IN the depths of Manhattan, David Page is cooking up heartland American cuisine. And it seems to suit New Yorkers just fine.
Mr. Page grew up in a small Wisconsin town, and his menu shows it. "Home," the restaurant he runs with partner Barbara Shinn, is taking a new look at American cuisine.
In creating the restaurant, Page dug deep into his Midwestern roots. Back in Wisconsin, his grandparents raised their own chickens and cattle. They had vegetable gardens that were "organic but without the name and pretense," Page says.
With an unassuming attitude, the owners of Home have created some surprisingly fresh interpretations of Middle American dishes such as pork chops and short ribs.
"Home is not home cooking," Page hastens to say. "We picked the name `Home' because of the James Beard quote: `American food is anything you eat at home.' It's more about comfort and the feeling of being in a place where you can relax," Page says.
At Home, Page and Ms. Shinn are attempting a return to the fundamentals of the hospitality business. Restaurants in this country were invented as stopping off places - country inns where travelers could take rest and food, Page says.
"I think restaurants generally have evolved into something completely different," he adds. "At a lot of restaurants in New York, it's likely that you are going there for everything but the food."
Home's menu is memorable but not complicated.
On a recent visit, a friend and I started our meal with an order of blue-cheese fondue served with chunks of toasted walnut bread. We also had an interesting Home salad with confit of duck.
The main course was a mustard seed-coated pork chop with roasted tomato sauce. Served with a saute of cabbage, corn, and leeks and a griddlecake, it was exceptional.
The narrow dining room's warm hues and cozy atmosphere are soothing. The seating is comfortable for couples, but the small booths proved to be a little too cozy for groups of four.
Shinn and Page see their new restaurant as part of a broader revolt against large establishments that seem as if they are run by a corporation rather than by a chef-owner. "Not having to sit anonymously in a 250-seat restaurant is a nice experience," Page says. "Many restaurants have evolved into a Hollywood kind of environment."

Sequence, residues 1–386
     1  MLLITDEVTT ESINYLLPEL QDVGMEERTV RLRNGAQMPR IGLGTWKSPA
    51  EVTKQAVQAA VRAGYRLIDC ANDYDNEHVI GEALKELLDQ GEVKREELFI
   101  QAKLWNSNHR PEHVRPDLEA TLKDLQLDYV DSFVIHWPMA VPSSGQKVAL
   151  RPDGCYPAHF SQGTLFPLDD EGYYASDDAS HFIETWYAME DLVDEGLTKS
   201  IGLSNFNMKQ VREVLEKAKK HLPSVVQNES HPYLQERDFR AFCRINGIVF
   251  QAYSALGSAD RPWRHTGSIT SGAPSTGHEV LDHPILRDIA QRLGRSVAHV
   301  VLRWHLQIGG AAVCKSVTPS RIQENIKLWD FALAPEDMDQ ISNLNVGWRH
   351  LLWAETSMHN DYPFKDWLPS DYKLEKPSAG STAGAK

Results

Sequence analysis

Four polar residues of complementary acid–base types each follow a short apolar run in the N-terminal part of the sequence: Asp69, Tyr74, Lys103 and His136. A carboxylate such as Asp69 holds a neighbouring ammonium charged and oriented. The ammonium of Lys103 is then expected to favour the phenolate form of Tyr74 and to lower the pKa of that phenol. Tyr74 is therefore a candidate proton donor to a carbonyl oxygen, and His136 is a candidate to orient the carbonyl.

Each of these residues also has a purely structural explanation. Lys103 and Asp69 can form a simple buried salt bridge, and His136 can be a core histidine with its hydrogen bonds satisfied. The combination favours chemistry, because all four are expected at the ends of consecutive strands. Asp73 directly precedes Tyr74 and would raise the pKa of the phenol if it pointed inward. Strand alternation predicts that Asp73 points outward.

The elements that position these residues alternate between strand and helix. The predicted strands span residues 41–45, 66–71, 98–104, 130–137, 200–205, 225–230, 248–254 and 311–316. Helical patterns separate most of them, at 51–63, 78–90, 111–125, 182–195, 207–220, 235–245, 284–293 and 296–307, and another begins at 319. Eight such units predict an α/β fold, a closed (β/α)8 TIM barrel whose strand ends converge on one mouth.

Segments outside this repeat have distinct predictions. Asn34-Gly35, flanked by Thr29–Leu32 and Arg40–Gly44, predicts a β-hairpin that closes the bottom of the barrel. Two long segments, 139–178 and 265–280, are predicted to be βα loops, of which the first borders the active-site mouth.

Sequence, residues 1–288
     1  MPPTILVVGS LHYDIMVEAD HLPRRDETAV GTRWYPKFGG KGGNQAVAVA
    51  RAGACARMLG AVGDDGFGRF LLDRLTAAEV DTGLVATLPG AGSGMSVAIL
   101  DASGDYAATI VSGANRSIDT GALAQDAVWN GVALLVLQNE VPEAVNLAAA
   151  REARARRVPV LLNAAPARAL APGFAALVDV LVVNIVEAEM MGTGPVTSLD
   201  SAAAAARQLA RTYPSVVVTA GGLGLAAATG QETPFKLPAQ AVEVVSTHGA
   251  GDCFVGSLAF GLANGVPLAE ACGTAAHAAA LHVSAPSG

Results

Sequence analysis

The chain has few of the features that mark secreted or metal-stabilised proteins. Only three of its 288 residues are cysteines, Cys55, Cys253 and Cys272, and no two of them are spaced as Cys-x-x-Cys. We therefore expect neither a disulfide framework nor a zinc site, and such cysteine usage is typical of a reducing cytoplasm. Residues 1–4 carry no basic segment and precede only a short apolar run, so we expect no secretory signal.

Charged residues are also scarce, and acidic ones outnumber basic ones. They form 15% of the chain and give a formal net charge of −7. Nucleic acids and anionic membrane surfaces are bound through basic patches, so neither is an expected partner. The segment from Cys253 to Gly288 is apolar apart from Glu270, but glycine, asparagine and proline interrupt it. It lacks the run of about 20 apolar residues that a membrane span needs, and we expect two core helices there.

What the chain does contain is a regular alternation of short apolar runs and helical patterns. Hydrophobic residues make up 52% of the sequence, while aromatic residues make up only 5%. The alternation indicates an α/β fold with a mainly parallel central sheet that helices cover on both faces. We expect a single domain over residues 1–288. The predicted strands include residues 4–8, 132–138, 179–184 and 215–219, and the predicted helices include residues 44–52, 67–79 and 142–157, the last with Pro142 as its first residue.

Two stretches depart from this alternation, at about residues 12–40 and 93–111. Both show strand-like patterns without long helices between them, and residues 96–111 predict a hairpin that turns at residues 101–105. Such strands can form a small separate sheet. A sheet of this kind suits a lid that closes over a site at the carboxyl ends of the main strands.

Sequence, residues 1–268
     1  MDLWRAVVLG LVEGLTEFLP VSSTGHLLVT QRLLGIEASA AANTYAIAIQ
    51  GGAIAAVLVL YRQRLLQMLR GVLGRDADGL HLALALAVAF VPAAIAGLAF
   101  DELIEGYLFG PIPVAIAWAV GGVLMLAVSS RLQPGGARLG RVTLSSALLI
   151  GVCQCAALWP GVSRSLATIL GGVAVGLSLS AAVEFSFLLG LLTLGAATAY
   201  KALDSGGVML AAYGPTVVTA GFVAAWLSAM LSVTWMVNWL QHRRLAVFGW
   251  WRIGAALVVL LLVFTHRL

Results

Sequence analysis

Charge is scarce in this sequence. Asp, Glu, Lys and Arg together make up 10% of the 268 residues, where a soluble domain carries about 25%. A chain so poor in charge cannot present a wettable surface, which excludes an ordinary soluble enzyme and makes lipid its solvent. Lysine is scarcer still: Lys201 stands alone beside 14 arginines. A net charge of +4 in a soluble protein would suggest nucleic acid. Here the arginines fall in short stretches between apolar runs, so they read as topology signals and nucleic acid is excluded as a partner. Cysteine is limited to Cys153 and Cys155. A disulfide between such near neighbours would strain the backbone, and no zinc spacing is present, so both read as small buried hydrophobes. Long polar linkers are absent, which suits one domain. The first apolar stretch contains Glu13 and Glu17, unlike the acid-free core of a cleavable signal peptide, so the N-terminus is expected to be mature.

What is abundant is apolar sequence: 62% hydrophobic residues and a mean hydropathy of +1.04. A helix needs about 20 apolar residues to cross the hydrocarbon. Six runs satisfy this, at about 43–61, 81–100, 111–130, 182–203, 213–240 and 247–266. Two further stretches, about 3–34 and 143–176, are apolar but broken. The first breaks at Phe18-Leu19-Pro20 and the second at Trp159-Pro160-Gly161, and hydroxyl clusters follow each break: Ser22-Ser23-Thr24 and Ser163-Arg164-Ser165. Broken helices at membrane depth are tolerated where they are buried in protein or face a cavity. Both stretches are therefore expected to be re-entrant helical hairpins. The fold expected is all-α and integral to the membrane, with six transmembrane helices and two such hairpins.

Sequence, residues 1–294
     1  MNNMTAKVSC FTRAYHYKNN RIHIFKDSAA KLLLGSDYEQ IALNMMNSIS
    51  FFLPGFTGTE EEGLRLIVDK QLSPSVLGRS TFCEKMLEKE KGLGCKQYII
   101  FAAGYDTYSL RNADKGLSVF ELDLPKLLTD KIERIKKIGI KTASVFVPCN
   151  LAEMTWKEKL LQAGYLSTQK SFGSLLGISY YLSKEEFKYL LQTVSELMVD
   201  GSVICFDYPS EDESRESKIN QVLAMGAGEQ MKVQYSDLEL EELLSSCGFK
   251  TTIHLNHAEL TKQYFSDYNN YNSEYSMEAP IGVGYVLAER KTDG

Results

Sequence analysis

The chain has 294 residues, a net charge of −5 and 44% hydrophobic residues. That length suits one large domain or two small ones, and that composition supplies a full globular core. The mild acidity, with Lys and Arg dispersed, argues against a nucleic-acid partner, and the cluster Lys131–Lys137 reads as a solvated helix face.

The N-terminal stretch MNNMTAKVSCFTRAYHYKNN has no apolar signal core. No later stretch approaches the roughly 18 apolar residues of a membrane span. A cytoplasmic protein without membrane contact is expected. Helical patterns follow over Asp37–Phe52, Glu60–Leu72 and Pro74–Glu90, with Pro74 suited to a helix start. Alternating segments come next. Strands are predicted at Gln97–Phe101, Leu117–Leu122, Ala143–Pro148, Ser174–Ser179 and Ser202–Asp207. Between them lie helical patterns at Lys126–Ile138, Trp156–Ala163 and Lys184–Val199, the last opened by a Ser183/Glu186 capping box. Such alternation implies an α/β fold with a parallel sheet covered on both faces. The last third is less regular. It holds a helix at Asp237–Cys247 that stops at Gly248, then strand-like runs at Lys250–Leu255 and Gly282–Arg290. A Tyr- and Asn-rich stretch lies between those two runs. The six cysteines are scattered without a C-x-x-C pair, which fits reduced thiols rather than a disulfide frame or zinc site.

A number of big restaurant "failures in the '80s came from someone on Wall Street who had made a zillion dollars deciding to open a restaurant for his ego's sake," he says.
While Page and Shinn seem pleased with the reception Home has received from the critics thus far, they seem more concerned with what the locals think. Home aims to be a lower Manhattan institution - a walk-by, no-reservations type of restaurant for neighborhood folks.
Page's shopping trips do not stray far from the restaurant. In the morning he heads to the local cheese store and meat market.
"Here in New York, you still can go to the local grocer, cheese shop, produce guy, and baker," Page says. "I can go to five different markets, bring everything back, and create a meal. In the meantime ... I'm meeting the customers."
Page apprenticed and cooked for several restaurants in California before moving to Montpelier, Vt., in the mid-'80s to teach at the New England Culinary Institute. While working in Vermont, Page fell in love with the "incredible" ingredients available from Vermont farms, including cheeses, free-range veal, and a broad selection of organic produce.
Page and Shinn's shared passion for fresh ingredients comes through in the food they serve. "I walk into the meat market and hand select the short ribs," Page says. "It's nothing new, it's the way marketing used to be done."
The two owners have found that changing the menu to match the shifting seasons is a pleasant challenge that they did not face in California.
In New York, "we noticed that we wanted to eat different foods than we did on the West Coast," Shinn says. "It took a couple of years to get the overall view, to see how climate affects your appetite."
Home is located in Manhattan's West Village. The scale of the buildings is more human - four- and five-story buildings with small businesses on the street level - compared with the echoing granite canyons of midtown. Page and Shinn chose the neighborhood because it "is one of the most comfortable parts of the city," Page says. Just about right for a place called Home.